Categories Earnings Call Transcripts, Finance

Webster Financial Corp (Conn)  (NYSE: WBS) Q1 2020 Earnings Call Transcript

WBS Earnings Call - Final Transcript

Webster Financial Corp (Conn)  (WBS) Q1 2020 earnings call dated Apr. 21

Corporate Participants:

Terry Mangan — Director of Investor Relations

John R. Ciulla — President and Chief Executive Officer of Webster Financial Corporation and Webster Bank

Glenn I. MacInnes — Executive Vice President and Chief Financial Officer of Webster Financial Corporation and Webster Ba

Jason Soto — Executive Vice President, Chief Credit Officer

Steve Alexopoulos — JPMorgan — Analyst

Charles L. Wilkins — Executive Vice President and Head of HSA Bank, a division of Webster Bank

Analysts:

Collyn Gilbert — KBW — Analyst

David Chiaverini — Wedbush Securities — Analyst

Timur Braziler — Wells Fargo Securities — Analyst

Laurie Hunsicker — Compass Point Research & Trading — Analyst

Casey Haire — Jefferies — Analyst

Matt Breese — Stephens — Analyst

Ken Zerbe — Morgan Stanley — Analyst

Bernard Horn — Polaris Capital — Analyst

William Wallace — Raymond James — Analyst

Mark Fitzgibbon — Piper Sandler — Analyst

Presentation:

Operator

Good morning, and welcome to Webster Financial Corporation’s First Quarter 2020 Earnings Call.

I will now introduce Webster’s Director of Investor Relations, Terry Mangan. Please go ahead.

Terry Mangan — Director of Investor Relations

Thank you, Rob. Welcome to Webster. This conference is being recorded. Also this presentation includes forward-looking statements within the Safe Harbor provisions of the Private Securities Litigation Reform Act of 1995 with respect to Webster’s financial condition, results of operations and business and financial performance.

Webster has based these forward-looking statements on current expectations and projections about future events. Actual results might differ materially from those projected in the forward-looking statements. Additional information concerning risks, uncertainties, assumptions and other factors that could cause actual results to materially differ from those in the forward-looking statements is contained in Webster Financial public filings with the Securities and Exchange Commission, including our Form 8-K containing our earnings release for the first quarter of 2020.

I’ll now introduce Webster’s President and CEO, John Ciulla.

John R. Ciulla — President and Chief Executive Officer of Webster Financial Corporation and Webster Bank

Thanks, Terry. Good morning, everyone. Thank you for joining Webster’s first quarter earnings call. We have a modified call this morning as a result of the COVID-19 pandemic. CFO, Glenn MacInnes and I will review business and financial performance for the quarter. I will also provide some additional information on the line of business performance and COVID-19 related activities across the bank. After Glenn and I complete our prepared remarks, I will review our credit profile, including one, our exposure to industries most directly impacted by the pandemic, two, a comparison of our current portfolio with the portfolio we had heading into the 2008 financial crisis, and three, a portfolio by portfolio review of key credit metrics and industry exposures.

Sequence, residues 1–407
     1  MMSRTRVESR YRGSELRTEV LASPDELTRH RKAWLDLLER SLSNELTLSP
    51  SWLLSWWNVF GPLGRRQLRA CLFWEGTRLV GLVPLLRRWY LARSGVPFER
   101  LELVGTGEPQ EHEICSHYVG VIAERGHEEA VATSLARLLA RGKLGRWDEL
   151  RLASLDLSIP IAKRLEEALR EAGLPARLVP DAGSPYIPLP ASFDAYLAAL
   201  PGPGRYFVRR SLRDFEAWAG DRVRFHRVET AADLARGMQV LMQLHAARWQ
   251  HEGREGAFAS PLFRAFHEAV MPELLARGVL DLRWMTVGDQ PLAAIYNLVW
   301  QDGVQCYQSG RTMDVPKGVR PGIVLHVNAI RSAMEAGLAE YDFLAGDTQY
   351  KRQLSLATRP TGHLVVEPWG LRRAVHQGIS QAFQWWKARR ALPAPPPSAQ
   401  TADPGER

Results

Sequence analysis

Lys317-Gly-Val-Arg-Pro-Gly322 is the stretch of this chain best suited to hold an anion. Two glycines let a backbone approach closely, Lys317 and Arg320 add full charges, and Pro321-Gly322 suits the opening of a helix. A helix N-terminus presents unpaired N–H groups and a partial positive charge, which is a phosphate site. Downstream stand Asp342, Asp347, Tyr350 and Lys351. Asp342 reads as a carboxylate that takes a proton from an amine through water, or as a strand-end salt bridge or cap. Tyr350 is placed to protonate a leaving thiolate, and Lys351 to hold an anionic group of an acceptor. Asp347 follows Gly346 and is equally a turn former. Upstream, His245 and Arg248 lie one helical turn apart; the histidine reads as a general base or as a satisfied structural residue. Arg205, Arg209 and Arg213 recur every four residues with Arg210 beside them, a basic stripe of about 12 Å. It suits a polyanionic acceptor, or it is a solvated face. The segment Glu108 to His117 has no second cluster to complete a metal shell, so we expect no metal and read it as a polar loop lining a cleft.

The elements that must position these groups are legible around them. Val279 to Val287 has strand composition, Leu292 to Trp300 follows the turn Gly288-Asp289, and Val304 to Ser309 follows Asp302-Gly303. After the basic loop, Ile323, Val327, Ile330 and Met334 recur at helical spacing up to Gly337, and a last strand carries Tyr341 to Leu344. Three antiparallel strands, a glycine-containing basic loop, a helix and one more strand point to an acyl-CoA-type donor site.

Our Chief Credit Officer, Jason Soto will join me during this portion of the presentation. After the credit discussion, HSA Bank President, Chad Wilkins and Jason will both join me and Glenn in responding to your questions. First, I want to acknowledge the fact that we are living in uncertain, challenging and unprecedented times. I hope that all of you and your loved ones are healthy and safe. And I want to let those whose health has been impacted by the crisis know that the Webster Bank family has you in our thoughts.

The way our bankers have taken care of each other, our customers and communities over the last two months is truly amazing. I usually end my remarks with thanks to our bankers, but today I’m going to start by thanking each and every Webster Banker for their remarkable contributions during this challenging time. I’m so proud of the entire Webster team. Webster Bank and the entire banking industry has rallied to be part of the solution to this health crisis and the resulting economic fallout. I also want to publicly acknowledge the bold, swift and timely actions of legislators, bank regulators, the treasury and state and local officials, each have collectively and individually reached out to banks, listening to what’s happening on the ground and rolled out creative and impactful programs to help those individuals and businesses in need.

When you turn to Slide 2, you can see Webster at its very best. Consistent with the way our values based organization has operated since our founding during the Great Depression in 1935. We immediately took action at the outset of the pandemic to support our employees, customers and the communities we serve. The safety of our employees was and is our number one priority. We swiftly moved 80% of our workforce to remote or at-home work thereby creating a safer socially distance work setup in our buildings for those who need to be on-site to execute the central operations. We modified branch activities and hours to ensure the safety of our employees and customers, while being available to meet our customers’ needs. This included moving to drive through an ATM service with bank lobbies open by appointment only.